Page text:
They were still building the temple when Christ died. They had begun it fifty years earlier and it was not completed for another 30 years, but one thing they’d made sure was in place early on in the building – the curtains were up. They certainly put up the ‘Keep Out’ signs. They were an exclusive religion and they boasted in it; “We have Abraham for our father.” The whole temple was a fortress that kept Gentiles in their place, and women in their place, and Jewish men in their place, and priests in their place, threatening with death anyone who stepped out of line. Is that how it’s always going to be? Yes, unless the curtain is destroyed, torn from the top to the bottom, that is how it would always have been, a ghetto religion with an “exclusive” God. They would have been a sect for ever, but every angel in heaven was waiting for the time when Abraham’s seed would bless all the nations of the earth, and Gentiles and their kings would flock to worship Jehovah and his Messiah. Everyone’s eyes were on that curtain. As long as it remained hanging there Judaism and Jerusalem and priestcraft would be the status quo.
Now God acts. His Son has made full atonement; the types and pictures of the Messiah’s saving work have all served their purpose. Cosmic redemption is accomplished, and now Old Covenant religion has to be dismantled. It is painful but essential. Outside the city Christ had yielded his life an atonement for sin, and inside the city God opened the lifegate that we Gentiles in our millions could go in. The Lord came to man from inside his home, from that side of the curtain, not our side. He came to the front door, as it were, and opened the way for man to come to him and find rest. God took down the “No Admittance” sign.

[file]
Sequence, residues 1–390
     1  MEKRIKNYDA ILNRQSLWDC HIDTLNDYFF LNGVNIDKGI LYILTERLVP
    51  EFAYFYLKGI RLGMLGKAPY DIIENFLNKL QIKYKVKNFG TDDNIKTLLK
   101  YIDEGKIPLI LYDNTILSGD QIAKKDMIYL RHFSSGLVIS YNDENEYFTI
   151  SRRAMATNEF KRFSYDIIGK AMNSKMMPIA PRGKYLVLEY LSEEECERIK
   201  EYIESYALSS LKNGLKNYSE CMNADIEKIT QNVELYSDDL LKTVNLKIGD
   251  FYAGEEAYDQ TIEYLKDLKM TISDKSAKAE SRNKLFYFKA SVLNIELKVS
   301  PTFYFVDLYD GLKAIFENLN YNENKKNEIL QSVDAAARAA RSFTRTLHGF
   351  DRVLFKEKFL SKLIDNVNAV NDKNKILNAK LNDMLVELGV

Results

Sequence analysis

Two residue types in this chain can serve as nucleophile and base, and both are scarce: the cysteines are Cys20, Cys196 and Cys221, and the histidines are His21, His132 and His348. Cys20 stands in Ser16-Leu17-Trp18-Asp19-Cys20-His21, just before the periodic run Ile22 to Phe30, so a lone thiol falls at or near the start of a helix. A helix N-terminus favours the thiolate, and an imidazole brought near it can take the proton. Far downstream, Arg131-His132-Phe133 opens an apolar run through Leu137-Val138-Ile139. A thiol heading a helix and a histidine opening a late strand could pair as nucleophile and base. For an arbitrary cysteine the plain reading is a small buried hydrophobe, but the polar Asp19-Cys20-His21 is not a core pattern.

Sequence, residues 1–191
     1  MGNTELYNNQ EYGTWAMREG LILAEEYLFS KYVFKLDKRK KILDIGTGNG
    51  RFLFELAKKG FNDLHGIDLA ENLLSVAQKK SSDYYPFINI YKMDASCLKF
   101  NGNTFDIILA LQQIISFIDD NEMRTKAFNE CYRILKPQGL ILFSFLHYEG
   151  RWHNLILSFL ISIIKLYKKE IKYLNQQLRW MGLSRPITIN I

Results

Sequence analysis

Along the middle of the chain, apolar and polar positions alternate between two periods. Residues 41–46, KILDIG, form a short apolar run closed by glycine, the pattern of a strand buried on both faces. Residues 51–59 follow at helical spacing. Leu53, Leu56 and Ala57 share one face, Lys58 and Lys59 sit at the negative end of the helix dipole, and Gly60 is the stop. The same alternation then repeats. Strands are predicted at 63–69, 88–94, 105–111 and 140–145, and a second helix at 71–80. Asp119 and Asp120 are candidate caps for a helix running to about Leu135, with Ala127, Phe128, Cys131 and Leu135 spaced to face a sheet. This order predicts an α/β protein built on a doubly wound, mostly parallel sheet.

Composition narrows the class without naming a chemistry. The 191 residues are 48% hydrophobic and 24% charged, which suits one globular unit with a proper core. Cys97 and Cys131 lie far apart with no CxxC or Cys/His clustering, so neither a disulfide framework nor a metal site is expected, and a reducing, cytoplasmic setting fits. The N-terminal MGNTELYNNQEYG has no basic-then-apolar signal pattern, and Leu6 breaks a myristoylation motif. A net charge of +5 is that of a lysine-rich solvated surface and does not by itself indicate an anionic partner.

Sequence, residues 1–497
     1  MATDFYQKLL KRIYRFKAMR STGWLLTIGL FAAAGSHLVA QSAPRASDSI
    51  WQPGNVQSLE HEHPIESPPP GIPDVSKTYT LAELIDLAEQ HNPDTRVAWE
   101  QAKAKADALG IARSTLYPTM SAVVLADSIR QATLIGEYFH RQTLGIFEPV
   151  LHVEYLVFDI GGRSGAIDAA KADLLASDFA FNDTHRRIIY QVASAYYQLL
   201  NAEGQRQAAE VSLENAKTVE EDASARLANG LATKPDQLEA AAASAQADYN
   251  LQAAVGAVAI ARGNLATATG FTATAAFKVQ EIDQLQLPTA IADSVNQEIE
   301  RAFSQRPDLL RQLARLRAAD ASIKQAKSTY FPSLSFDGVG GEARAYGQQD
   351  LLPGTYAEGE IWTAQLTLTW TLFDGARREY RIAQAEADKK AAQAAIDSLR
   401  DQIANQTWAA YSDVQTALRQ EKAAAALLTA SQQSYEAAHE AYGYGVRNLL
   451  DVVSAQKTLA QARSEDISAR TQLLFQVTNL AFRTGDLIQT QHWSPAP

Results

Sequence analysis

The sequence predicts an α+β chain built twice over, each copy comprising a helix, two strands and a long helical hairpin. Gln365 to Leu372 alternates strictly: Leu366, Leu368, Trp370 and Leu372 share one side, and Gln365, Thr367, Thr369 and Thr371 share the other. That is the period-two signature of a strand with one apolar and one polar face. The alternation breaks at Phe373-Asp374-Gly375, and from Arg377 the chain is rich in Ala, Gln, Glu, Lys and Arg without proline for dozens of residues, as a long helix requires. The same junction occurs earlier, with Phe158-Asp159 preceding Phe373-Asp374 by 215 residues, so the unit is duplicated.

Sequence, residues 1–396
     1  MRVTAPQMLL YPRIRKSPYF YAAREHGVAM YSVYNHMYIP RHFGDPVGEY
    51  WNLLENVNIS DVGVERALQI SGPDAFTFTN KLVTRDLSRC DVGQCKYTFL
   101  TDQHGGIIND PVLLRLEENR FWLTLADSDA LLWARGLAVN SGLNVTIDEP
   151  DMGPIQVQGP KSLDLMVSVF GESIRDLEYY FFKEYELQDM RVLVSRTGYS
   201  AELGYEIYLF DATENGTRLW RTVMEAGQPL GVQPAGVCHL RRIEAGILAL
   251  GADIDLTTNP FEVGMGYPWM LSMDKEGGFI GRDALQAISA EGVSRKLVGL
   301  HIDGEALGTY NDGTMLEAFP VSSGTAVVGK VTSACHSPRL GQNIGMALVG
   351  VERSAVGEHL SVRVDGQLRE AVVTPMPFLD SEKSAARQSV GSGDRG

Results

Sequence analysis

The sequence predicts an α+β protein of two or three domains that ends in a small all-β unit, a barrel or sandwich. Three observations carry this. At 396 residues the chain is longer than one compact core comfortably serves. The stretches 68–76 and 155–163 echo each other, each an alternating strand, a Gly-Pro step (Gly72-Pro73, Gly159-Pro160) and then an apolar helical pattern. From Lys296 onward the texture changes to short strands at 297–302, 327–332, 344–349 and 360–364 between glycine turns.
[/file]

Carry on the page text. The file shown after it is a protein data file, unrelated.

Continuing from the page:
What has the despised and rejected Messiah done? Has he sent fire down from heaven and ‘nuked’ the temple for the wickedness of its high priests? No, first he sheds his blood as the purchase price for the right of us all . . . so many, many of us . . . a multitude like the sands on the seashore . . . from every nation and tribe to come into the very presence of God, women as well as men, young and old, slaves as well as free men. Then he tears down the curtain that keeps us away from his Father. Today through Christ we can run right up to God and look into his smiling face and say, “Abba! Father! Thank you for all your blessings.” When my grandchildren tumble out of the car in our street and run up the steps to the Manse, they don’t wait at the door for admittance. They open it and come running in and shout for “Taid!” and “Nain!” They know the door is open for them.